Tagging sharks a chilling task
|||Catching powerful sharks takes big hooks, lots of line|
By Jan TenBruggencate
Advertiser Science Writer
By Jan TenBruggencate
FRENCH FRIGATE SHOALS — The float ripped through the water, occasionally submerging, dragging a wake, headed directly for our boat.
"It's swimming the float right at us! This is 'Jaws' stuff right here!" biologist Matt Craig shouted.
And just like that, the float stopped moving. We watched as it just sat there, resting on the dark sea's surface.
Welcome to the dangerous world of shark tagging where, inevitably, the job offers jolt after jolt of excitement and anticipation.
Among the goals the researchers on this 25-day trip to the Northwestern Hawaiian Islands have is to learn more about shark behavior and travel patterns.
Tagging the sharks is the one task that reveals the cold ferocity of the natural world.
A couple of minutes after the float stopped moving we hauled up — in one gory gorgonian bundle — a complex tangle of twisted line with the head of one Galapagos shark, the gutted carcass of another and the top half of a third.
The "Jaws" reenactment we had watched outside the reef at French Frigate Shoals may have been a tiger shark feeding on hooked sharks, dragging line and floats around as it tore the trapped animals apart.
Sharks feeding on other sharks is not just a function of the victims being hooked. Biologist Randy Kosaki said new research is showing that tiger sharks feed higher on the food chain than anything else on the reefs — meaning that in addition to other things, they regularly feed on other predators, including other sharks.
Tagging is an amazing process to take part in.
At one point, I held a 10-foot tiger shark by the tail, feeling its fluid but powerful muscles and tendons flex under the striped sandpaper skin.
Another time, I held a 6-foot Galapagos shark by its pectoral fins as its eye watched me intently.
In an instant, the shark twisted and snapped.
"Keep your arm in tight. They can come right around and reach it," said Carl Meyer from the Hawaii Institute of Marine Biology. Meyer's team is charged with putting satellite, sonic and visual tags on the biggest predators around the French Frigate Shoals. The reefs and sandbars lie roughly 400 miles beyond Kaua'i in the Northwestern Hawaiian Islands.
"The Northwestern Hawaiian Islands is in the process of becoming the world's largest marine sanctuary," Meyer said. "You've got to know if the animals you are protecting are largely contained within the sanctuary."
Meyer has been surgically inserting tags in sharks in the main Hawaiian Islands for several years under the auspices of HIMB researcher Kim Holland's lab.
Only in the past few years has he added the northwestern islands, already providing insight into shark behavior.
Tiger sharks, for example, were once believed to be very territorial, but tagging research has showed they clearly can move great distances.
One of Meyer's tigers tagged at French Frigate Shoals showed up at Kona, 700 miles away. Whether the movement is common among the species requires more research.
Meyer's tagging methods are quite invasive, including surgery to insert in their abdomens an acoustic transmitter.
The hardy animals survive the surgery and related tagging procedures quite well. Meyer said the damage they do to each other is far greater than a little slice in the belly.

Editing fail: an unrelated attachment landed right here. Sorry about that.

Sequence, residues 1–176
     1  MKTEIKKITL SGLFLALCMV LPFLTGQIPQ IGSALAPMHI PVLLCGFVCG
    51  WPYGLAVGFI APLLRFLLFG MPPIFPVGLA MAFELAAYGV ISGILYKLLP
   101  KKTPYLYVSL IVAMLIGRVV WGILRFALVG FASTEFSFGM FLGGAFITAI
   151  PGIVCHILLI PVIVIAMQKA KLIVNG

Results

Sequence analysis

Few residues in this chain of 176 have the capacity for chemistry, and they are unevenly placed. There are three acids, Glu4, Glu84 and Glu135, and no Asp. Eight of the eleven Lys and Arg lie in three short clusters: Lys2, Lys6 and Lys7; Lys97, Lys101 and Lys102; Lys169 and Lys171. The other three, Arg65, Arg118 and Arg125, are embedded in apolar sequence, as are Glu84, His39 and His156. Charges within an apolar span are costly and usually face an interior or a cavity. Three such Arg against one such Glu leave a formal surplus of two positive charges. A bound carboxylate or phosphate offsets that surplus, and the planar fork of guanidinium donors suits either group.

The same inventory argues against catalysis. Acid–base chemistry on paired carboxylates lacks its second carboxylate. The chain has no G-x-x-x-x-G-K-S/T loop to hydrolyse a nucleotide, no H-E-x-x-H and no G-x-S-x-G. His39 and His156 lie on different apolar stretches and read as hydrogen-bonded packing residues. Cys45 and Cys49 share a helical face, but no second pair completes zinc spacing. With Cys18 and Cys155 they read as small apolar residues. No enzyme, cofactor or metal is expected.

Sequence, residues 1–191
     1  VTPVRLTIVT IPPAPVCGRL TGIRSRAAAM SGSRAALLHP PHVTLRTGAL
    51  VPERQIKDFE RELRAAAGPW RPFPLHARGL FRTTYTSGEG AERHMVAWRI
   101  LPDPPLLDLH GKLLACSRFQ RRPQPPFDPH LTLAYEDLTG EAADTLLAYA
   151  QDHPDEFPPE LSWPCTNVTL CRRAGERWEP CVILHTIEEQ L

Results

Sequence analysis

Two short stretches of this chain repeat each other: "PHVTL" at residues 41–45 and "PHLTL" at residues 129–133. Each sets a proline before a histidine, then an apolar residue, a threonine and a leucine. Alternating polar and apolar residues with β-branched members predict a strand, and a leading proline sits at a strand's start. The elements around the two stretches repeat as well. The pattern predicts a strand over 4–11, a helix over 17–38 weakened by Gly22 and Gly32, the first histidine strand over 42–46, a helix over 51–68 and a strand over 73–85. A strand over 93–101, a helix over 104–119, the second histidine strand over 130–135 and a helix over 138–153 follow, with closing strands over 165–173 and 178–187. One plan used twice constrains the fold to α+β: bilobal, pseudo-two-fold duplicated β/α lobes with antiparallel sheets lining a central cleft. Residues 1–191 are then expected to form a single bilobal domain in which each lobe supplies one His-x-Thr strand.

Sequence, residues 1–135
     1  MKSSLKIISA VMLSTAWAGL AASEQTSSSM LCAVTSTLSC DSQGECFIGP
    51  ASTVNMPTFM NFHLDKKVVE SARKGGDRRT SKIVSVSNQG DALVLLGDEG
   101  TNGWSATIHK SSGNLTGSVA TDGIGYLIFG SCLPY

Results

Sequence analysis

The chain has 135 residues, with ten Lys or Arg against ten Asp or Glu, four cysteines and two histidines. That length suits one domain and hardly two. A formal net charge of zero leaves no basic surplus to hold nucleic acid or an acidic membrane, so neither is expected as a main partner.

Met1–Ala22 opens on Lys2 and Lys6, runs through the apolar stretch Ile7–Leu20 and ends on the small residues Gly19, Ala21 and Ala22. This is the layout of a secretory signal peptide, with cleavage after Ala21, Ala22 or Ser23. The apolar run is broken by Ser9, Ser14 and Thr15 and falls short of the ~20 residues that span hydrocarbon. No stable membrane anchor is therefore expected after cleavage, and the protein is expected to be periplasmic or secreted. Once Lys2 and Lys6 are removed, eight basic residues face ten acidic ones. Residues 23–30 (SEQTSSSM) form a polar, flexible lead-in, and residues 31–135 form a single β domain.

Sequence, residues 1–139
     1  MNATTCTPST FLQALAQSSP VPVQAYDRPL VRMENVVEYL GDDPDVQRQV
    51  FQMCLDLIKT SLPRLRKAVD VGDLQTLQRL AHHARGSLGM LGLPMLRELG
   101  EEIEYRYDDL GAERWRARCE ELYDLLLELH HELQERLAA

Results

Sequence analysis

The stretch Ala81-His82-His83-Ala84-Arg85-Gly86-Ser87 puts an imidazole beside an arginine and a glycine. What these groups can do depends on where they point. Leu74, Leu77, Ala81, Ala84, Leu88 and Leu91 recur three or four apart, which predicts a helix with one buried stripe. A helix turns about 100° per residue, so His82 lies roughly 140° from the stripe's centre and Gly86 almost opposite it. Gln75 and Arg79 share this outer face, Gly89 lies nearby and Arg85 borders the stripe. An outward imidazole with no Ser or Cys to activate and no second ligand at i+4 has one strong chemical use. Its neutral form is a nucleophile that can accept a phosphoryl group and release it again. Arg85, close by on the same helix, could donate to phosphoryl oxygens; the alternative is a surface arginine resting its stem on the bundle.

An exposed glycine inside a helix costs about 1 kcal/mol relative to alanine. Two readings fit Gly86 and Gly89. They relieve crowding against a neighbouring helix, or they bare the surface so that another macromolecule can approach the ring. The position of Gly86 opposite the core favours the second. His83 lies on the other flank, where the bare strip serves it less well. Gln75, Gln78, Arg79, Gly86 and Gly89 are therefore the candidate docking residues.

He has heard from nearly every animal he has tagged with electronic gear, and they continue to move around, indicating a very high survival rate.
During the past week, Meyer did his first installations of a new kind of satellite transmitter. The installation sounds brutal, but the sharks barely flinch. He drills four quarter-inch holes in the cartilage of the dorsal fin, slips the transmitter with its trailing antenna so plastic bolts pass through the holes.
Then, with plastic washers and stainless nuts, he screws the unit down. This tag reports the shark's position to an ARGOS satellite whenever the dorsal fin breaks the surface of the water.
For the sonic tags, sharks are flipped upside down, and Meyer pounds a sharp knife through the tough skin, checks the hole with a gloved finger, and slips in a lipstick-sized acoustic transmitter.
The incision is about an inch long, and he closes it with a single suture. These tags emit a coded sound that is picked up by an array of seafloor receivers positioned up and down the Hawaiian archipelago.
On a few sharks, Meyer also installed pop-up tags that are attached by sliding a small stainless steel anchor into the animal's back muscle.
This tag tracks depth and other data, and after a set period, releases itself and floats to the surface, where it reports the shark's behavior to a satellite.
The tagging is an attempt to learn more about the movement of the marine animals at the top of the food chain throughout the Hawaiian chain.
"We're looking at broad questions about how top predators move — do they stay in one area, between island, between the Northwestern Hawaiian Islands and the main islands, or between Hawai'i and the wider Pacific — and whether there are patterns in their movement," Meyer said.
Work with ulua already has shown that they have day-night movement patterns, changing habitat depending on the time of day. The most recent tag data suggests they also have a lunar cycle — meeting in huge groups at specific sites during certain phases of the moon.
"Other places in the Pacific show aggregations of ulua for spawning at certain phases of the moon, and local fishermen in those communities knew about it," Meyer said.
On big sharks, there is only preliminary data.
At French Frigate Shoals, Meyer has only caught female sharks. At a couple of more northerly atolls, it's all males.
He said he doesn't have enough information yet to determine whether the pattern will hold, but wonders what it means.
Reach Jan TenBruggencate at firstname.lastname@example.org.